When your child has a fever, dress him comfortable in light clothing. Do not rub alcohol on him; rubbing alcohol on the skin does not help a fever and can harm your child when applied all over. Also, do not give your child an ice bath or cold bath, which will not help with a fever and will be uncomfortable. You can give your child a lukewarm bath, but this is unnecessary. Make sure that your child is drinking fluids. Offer water, popsicles, juice, broth, milk, or oral rehydration solutions such as Pedialyte. I usually advise against juice, but when your child is sick, it is okay to give her whatever she will drink! Avoid beverages that contain caffeine, which cause your child to urinate more and increase the risk of dehydration.
Remember that these are general guidelines about fevers that apply to healthy children. Always check with your doctor for any specific recommendations for your child, based on his or her health needs!
Helping children stay healthy and happy is the top priority for the team at Pediatric Associates of Davidson County in Nashville, TN. Kids need special attention, care, and treatments because they are still developing and growing. One of the health-related issues that need to be addressed for young people is getting them immunized. Find out why immunizations are important and when you and your child should see your pediatrician.
Immunizations for Children
Diseases spread more easily among school-aged children because they are required to be in enclosed spaces with each other for long periods of time each day. Germs constantly circulate through schools, on surfaces, in the air, and through contact when kids are playing. For this reason, pediatricians, the Centers for Disease Control and Prevention, and the American Academy of Pediatrics strongly recommend immunizations for young children. The first immunizations are given shortly after birth and continue up until the age of 18.
Why They’re Important
Children are not as aware as adults of the presence of germs in their environment. Because of this, they are more prone to catching and spreading bacteria and viruses to others around them. Some health concerns are relatively minor, like the common cold, but others can be life-threatening like the measles, meningitis, and poliovirus. The CDC estimates that vaccinations will prevent over 700,000 deaths.
Commonly Suggested Immunizations
The pediatricians at Pediatric Associates of Davidson County in Nashville, TN can help you stay up to date with immunizations. Here is a short list of some of the most common immunizations that are strongly recommended for children:
- HepB and HepA
- Flu shots
- Tetanus shots
- Meningococcal vaccine (to prevent meningitis infections)
- MMR (to prevent measles, mumps, and rubella)
- HPV vaccine for children ages 11-12
Schedule Your Child’s Immunizations Today
Even if you haven’t been keeping up to date with your child’s recommended immunizations, a pediatrician at Pediatric Associates of Davidson County can help you get back on track. Call the Nashville, TN office at (615) 329-3595 to set up your next appointment.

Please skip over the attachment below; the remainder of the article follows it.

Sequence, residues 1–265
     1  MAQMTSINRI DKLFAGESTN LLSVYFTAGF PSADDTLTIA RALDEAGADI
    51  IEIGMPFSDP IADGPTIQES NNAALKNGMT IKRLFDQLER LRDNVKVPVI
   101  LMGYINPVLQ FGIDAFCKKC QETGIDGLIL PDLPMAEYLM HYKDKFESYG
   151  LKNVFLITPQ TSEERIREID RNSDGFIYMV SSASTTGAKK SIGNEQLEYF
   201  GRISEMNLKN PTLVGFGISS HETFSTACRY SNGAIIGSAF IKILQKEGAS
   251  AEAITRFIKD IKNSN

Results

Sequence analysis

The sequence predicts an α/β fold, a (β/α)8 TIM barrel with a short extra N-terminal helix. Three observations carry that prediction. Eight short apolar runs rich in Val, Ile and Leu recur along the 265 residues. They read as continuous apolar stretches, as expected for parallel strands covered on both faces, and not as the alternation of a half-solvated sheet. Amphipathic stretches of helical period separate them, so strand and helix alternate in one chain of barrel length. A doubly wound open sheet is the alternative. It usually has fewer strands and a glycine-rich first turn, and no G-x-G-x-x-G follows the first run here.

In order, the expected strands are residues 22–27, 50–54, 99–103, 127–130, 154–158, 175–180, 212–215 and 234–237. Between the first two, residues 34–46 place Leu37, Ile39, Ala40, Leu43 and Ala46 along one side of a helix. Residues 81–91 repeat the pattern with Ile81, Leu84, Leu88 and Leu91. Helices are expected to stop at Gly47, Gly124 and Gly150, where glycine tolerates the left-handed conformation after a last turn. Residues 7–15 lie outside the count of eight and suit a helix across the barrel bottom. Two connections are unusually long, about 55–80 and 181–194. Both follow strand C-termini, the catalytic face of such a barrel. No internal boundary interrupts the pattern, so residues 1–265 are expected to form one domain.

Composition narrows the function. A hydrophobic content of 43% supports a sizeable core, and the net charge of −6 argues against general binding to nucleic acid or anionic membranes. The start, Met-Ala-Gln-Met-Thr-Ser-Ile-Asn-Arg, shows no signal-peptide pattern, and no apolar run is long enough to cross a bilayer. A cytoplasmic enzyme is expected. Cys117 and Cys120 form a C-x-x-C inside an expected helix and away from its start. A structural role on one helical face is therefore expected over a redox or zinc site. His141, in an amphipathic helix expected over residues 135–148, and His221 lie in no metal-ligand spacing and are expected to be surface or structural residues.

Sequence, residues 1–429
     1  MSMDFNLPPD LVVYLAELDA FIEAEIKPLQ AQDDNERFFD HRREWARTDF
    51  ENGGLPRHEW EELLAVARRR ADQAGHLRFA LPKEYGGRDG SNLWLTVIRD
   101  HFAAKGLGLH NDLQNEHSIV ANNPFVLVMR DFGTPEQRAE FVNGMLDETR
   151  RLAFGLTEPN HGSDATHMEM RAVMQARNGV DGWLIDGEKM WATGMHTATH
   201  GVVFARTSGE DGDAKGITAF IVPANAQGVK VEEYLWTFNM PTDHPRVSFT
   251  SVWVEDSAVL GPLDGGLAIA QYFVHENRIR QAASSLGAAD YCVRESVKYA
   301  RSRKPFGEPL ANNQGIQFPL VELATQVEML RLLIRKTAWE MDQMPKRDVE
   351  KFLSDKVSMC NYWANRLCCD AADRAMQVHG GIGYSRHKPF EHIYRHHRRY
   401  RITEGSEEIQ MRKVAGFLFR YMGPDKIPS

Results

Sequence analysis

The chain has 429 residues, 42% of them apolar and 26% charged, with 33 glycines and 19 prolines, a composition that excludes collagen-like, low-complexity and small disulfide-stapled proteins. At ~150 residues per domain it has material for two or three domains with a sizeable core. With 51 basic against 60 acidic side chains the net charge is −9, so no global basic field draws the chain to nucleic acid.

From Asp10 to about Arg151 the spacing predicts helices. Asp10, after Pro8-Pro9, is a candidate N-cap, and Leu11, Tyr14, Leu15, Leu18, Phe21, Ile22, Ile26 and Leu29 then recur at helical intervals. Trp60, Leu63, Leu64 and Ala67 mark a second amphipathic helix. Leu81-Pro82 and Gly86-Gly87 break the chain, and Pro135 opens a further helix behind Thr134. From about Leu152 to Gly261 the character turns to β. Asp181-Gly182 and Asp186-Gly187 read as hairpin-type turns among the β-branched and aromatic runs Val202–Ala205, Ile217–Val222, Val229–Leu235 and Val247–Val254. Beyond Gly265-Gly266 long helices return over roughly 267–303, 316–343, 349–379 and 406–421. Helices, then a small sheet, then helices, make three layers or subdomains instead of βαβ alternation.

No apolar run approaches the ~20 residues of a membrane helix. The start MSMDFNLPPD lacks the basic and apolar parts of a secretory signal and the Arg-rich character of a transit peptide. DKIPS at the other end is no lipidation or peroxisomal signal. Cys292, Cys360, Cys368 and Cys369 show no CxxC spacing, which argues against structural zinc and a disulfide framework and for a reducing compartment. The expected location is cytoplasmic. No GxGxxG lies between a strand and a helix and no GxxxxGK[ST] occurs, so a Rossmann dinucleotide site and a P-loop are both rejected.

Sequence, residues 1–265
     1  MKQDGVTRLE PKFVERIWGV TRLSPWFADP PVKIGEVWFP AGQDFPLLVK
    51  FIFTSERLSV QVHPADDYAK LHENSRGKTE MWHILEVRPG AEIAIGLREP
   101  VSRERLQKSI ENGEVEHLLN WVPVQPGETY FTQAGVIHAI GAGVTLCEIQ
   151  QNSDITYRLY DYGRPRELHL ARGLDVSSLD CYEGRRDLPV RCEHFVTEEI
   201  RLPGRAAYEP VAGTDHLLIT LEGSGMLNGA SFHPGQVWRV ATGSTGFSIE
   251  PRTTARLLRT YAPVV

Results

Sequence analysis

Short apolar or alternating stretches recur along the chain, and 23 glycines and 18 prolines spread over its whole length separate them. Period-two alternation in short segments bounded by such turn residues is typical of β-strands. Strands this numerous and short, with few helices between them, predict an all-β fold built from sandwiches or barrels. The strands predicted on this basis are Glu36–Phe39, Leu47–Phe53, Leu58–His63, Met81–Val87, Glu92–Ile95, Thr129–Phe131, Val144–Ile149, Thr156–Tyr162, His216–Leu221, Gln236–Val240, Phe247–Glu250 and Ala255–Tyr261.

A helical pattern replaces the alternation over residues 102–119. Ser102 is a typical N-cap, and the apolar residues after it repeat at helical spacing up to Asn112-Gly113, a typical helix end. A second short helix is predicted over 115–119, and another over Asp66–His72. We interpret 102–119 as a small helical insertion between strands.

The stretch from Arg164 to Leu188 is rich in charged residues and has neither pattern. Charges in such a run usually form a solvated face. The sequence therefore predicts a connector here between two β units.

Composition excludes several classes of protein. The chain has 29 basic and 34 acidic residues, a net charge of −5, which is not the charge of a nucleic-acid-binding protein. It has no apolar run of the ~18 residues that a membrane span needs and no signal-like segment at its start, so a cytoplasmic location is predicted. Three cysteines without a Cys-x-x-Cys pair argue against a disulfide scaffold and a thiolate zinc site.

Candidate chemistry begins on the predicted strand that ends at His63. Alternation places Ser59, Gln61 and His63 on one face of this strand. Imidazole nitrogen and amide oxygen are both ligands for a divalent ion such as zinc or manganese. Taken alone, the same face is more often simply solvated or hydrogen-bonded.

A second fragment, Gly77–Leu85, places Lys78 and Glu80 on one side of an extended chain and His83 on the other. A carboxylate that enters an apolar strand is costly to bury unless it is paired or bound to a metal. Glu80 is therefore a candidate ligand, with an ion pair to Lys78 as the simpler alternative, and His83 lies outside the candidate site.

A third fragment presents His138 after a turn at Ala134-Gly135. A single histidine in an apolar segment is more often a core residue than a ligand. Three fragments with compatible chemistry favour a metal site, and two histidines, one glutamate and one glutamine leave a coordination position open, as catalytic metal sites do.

The tonsils are oval-shaped, pink masses of tissue on both sides of the throat. They are part of the body's immune system, designed to fight off bacteria and viruses that try to enter the body through the mouth. Sometimes common illnesses are too much for the tonsils to handle, and the tonsils become infected themselves. This condition is known as tonsillitis, an inflammation of the tonsils that can cause a sore throat and discomfort for your little one.
Tonsillitis is common in children, but it can occur at all ages. Many cases of tonsillitis in elementary-aged kids are caused by a viral infection, such as the common cold or flu. Bacterial infections, particularly streptococcus (strep), can also cause an infection of the tonsils.
If your child has tonsillitis, his or her main symptom will be a sore throat. It may be painful to eat, drink or swallow. Other common signs of infected tonsils include:
- Red, tender and enlarged tonsils
- Yellow or white coating on tonsils
- Swollen, painful lymph nodes in the neck
- Bad Breath
If your child’s symptoms suggest tonsillitis, call your pediatrician. Your child will need to visit a pediatrician to determine whether it is a bacterial or viral infection, which can usually be diagnosed with a physical exam and a throat culture.
If bacteria caused the child’s tonsillitis, then antibiotics may be prescribed to kill the infection. If a virus causes it, then the body will fight the infection on its own. Rest and drinking fluids can also help alleviate symptoms and ease pain. In some cases, if the child suffers from frequent episodes of tonsillitis or repeat infections over several years, your pediatrician may recommend a tonsillectomy, a common surgical procedure to remove the tonsils.
Because tonsillitis is contagious, kids should help protect others at school and home by washing hands frequently, not sharing cups or other personal utensils, and covering their mouth when coughing or sneezing.
Always contact your pediatrician when you have questions about your child’s symptoms and health.